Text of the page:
Spindle elongation rate and Eg5 microtubule sliding rate have been correlated (Shirasu-Hiza et al., 2004), suggesting that Eg5 is responsible for the Ômicrotubule translocation activityÕ of poleward flux. Eg5 involvement in microtubule poleward flux has also been reported in Xenopus egg extract (Miyamoto et al., 2004). Indeed, addition of Eg5 inhibitors inhibited spindle microtubule poleward flux in a dose-responsive manner, suggesting that flux is driven by an ensemble of non-processive Eg5. In addition, microtubules move poleward with a speed of 2m/min in Xenopus egg extract 2,22m/min in Drosophila S2 (Rogers et al., 2004), which is found to match Eg5 microtubule gliding speed in vitro. However, Eg5 is probably not the only flux driver as Eg5 independent poleward flux as been observed for kinetochore microtubules, which interestingly are organized in parallel arrays, in PtK1 cells (Cameron et al., 2006).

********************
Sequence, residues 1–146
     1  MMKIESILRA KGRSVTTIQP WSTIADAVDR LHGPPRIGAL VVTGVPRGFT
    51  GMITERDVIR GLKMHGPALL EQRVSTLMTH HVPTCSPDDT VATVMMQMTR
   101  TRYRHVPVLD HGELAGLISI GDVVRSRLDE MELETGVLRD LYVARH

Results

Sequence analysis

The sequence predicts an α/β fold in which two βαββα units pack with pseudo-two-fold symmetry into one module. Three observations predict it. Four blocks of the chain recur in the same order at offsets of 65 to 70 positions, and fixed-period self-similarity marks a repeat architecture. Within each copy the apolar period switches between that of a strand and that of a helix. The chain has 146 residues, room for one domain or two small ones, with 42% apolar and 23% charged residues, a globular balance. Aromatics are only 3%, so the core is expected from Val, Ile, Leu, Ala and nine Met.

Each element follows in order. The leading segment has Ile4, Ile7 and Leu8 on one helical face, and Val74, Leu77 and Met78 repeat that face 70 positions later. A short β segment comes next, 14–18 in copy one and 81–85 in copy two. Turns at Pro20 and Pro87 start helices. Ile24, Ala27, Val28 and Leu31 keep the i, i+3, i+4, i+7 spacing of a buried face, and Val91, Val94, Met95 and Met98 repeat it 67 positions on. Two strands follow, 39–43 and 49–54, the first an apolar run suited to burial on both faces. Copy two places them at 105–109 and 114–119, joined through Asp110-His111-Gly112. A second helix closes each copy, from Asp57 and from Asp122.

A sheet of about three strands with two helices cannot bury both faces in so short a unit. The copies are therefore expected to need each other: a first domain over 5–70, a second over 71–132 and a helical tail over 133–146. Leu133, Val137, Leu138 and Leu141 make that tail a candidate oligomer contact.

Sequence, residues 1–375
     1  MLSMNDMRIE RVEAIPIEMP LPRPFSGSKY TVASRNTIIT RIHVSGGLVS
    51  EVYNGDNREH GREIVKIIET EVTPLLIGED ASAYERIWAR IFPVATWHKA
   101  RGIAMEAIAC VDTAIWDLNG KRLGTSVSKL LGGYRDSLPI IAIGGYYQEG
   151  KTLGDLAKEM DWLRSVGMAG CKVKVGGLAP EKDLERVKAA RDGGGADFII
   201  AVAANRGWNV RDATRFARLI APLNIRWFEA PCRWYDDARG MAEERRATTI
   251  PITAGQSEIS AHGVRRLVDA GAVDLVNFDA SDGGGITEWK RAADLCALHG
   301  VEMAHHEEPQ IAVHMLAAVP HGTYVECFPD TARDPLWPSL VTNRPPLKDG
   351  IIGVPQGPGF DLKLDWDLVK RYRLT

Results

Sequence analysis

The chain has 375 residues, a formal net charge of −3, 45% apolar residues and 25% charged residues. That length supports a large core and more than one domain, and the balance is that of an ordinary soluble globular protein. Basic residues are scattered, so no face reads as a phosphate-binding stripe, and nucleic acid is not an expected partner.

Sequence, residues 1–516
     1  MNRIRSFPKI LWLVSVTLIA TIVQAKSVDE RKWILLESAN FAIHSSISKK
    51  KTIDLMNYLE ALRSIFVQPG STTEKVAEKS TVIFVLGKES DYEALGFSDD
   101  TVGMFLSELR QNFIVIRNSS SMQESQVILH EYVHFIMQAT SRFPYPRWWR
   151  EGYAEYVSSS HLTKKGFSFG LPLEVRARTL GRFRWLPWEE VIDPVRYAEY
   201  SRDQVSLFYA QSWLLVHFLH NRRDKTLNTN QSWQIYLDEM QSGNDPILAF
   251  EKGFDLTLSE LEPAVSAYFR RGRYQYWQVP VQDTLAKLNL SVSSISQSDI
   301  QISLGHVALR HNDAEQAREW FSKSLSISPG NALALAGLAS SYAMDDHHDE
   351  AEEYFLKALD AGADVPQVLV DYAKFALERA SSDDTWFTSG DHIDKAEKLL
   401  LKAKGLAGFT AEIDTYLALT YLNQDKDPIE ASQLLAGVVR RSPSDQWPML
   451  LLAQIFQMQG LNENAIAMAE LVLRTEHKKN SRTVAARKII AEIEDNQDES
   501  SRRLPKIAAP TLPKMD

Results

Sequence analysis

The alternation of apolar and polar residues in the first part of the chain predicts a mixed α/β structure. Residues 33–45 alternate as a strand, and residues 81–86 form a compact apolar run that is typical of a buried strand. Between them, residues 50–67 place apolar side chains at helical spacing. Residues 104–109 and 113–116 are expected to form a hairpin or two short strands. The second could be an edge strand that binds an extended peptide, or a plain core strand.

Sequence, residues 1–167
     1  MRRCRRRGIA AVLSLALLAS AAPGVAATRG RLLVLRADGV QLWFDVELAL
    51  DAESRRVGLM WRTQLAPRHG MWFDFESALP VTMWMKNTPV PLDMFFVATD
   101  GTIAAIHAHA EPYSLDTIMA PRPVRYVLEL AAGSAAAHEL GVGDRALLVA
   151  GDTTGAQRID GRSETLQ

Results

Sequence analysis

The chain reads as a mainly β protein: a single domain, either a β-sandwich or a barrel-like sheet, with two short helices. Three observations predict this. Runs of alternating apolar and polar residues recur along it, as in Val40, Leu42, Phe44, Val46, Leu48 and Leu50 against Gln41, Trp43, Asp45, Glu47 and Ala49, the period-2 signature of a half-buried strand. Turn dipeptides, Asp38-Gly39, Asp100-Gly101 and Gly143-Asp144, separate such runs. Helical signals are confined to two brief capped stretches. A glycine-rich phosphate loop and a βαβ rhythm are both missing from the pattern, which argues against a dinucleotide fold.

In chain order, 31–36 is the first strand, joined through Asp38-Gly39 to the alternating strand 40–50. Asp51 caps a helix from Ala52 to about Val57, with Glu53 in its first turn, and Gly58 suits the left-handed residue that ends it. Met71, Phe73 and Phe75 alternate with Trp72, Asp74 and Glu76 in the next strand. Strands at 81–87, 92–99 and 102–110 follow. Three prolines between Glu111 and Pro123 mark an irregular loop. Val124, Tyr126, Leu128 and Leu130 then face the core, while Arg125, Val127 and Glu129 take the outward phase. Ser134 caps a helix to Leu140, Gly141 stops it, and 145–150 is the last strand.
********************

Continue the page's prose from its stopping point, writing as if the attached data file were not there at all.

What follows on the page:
Since both spindle bipolarity and microtubule poleward flux clearly involve Eg5 antiparallel microtubule cross-linking and sliding activities, it is not surprising that spindle bipolarization itself relies on microtubule poleward flux, at least in Xenopus egg extract, as suggested by Mitchison et al (Mitchison et al., 2004).

Eg5 function in a potential spindle matrix

Owing to Eg5 intriguing localization to spindle poles, it was proposed earlier that Eg5 could be part of a Òspindle matrixÓ (Sawin et al., 1992a). Thus Eg5 localization to minus-ends of microtubules would not depend on its motor activity as such. However, the existence of the matrix itself is still hypothetical as its composition, regulation and role are unknown. The current hypothesis proposes that such a matrix would help to stabilize, organize microtubules and serve as a stationary substrate against which motors could slide microtubules (Scholey et al., 2001).